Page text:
Most any vacuum does a reasonable job of pulling dirt off the floor if used properly. There are definitely machines that clean faster and better than others but the general principle is based on how a vacuum cleaner is used and maintained. If a vacuum cleaner that is rated excellently by expert opinions and users isn’t used or maintained properly then the machine will not be able to achieve results anywhere near to what it is capable of!!
There are many vacuum designs on the market. Some have narrow openings for dirt with small agitators, and some have wide openings. Bristle arrangements can be straight, chevron, or articulated. Some vacuums have dirt sensors. All of these features constitute the efficiency of a machine but become meaningless if not able to perform as manufactured and tested.
A dirt sensor feature on a vacuum informs the user whether or not dirt is passing into the machine as a helpful indicator of whether to continue vacuuming the same spot or move on. Although helpful a dirt sensor merely means, that particular vacuum cleaner is no longer capable of sucking in dirt. It does not necessarily mean the carpet is clean. However, if your machine is equipped with this feature you should definitely continue to move it over the surface until the indicator changes color to indicate clean—usually green.
When a vacuum’s spinning agitator brush touches the surface there is a significant change in noise and tone from the machine. This is a good thing. If your machine states automatic carpet height adjustment, then your machine is pre-set from factory to clean most any carpet and no further adjustment is necessary. If your machine has a manual carpet height adjustment then the setting can be different for any carpet in your home. Many manual height machines have 4 or 7 settings. On many medium pile carpets with a 4 setting dial, the lowest setting is the best. Leaving a higher setting for area rugs, and shags. One of the best ways to set height on a manual machine to start at the very highest. Give a pass with machine, then readjust. Find the setting where the vacuum tone just changes and go 1 setting lower, and that is usually a good spot for the machine to be. The goal is clean, groomed carpets while not restricting air flow to get in, and allowing the brush roll to rotate at proper RPM. If the height is too low, the brush roll, slows dramatically. This greatly impedes carpet cleanliness.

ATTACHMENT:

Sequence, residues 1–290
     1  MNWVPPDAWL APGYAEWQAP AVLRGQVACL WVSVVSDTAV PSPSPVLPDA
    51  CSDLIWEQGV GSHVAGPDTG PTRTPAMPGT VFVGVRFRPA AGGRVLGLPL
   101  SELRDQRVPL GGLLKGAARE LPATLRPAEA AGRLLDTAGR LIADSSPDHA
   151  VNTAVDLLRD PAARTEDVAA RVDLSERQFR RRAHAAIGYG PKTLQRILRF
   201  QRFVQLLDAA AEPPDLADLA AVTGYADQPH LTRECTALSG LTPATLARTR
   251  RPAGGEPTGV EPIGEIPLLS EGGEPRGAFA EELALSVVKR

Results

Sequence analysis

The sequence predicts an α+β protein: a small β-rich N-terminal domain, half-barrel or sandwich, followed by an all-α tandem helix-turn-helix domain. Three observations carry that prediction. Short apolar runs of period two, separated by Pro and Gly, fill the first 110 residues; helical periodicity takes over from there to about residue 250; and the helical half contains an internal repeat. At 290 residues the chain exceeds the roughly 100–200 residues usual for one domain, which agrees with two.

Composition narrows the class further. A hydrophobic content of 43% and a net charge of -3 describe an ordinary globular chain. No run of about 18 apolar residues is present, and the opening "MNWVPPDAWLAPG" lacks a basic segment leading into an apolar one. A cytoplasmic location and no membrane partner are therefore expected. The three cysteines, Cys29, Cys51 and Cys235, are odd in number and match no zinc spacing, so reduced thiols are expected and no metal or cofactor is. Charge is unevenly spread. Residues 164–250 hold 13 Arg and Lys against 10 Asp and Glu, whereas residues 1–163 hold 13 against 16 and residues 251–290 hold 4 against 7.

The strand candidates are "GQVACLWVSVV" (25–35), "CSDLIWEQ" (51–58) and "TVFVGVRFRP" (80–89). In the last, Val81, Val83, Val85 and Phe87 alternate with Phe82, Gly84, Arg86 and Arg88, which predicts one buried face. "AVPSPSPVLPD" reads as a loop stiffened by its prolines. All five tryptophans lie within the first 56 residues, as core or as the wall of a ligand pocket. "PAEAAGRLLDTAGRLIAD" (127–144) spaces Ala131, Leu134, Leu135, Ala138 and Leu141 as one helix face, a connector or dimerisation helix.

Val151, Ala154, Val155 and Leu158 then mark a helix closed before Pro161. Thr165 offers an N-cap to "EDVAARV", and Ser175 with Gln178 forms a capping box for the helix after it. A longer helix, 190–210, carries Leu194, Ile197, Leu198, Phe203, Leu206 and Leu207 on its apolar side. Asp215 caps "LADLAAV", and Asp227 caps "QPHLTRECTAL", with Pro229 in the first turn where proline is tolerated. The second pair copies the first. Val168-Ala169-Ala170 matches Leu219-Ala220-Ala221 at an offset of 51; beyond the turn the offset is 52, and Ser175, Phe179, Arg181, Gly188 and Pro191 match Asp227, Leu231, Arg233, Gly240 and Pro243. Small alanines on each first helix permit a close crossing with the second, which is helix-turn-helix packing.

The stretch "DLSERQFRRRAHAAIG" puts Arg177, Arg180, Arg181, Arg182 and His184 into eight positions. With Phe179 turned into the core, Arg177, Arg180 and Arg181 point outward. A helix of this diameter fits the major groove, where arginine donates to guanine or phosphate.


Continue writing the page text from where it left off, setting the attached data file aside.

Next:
If you push a block of wood through a table saw too quick, the machine kicks back causing wood to break also usually causing injury. If you mow lawn too quick, the cut is very uneven, and tends to leave several blades uncut, potentially damaging the lawn as well. If you turn a stove burner on too high, the food will burn and not taste right. If you iron a garment too quick and and on high, the iron will put in more wrinkles than it removes and can completely ruin the clothing. Many dishwasher and washing machine cycles are around one hour. When a cleaning a shower, you spray the chemicals and allow time for them to work before scrubbing. This similar theory can be applied to vacuum cleaners. When dirt falls on floor or comes in from the outside and then we walk on it, the dirt becomes embedded into the surface. Hard foods, sand, stones and other objects actually cut up and shred carpet fibers when they become embedded. This is why we often see some carpet fibers cleaned up with vacuum cleaners. In many cases it’s not the vacuum destroying carpet but instead it’s just cleaning up the already cut up and shredded fiber caused by dirt. In-order for the machine to completely ensure that carpets are clean and the suction can pull in all of the harmful carpet destroying material the machine NEEDS TIME & PATIENCE. Use steady, even strokes ensuring the front of the nozzle is touching the floor the entire time with any suction and/or height adjusters set properly. The absolute minimum recommended passes is 6. Forward and back over the same spot counting as 2. For heavy traffic areas it’s recommended to vacuum ever 2-3 days, other areas about once a week.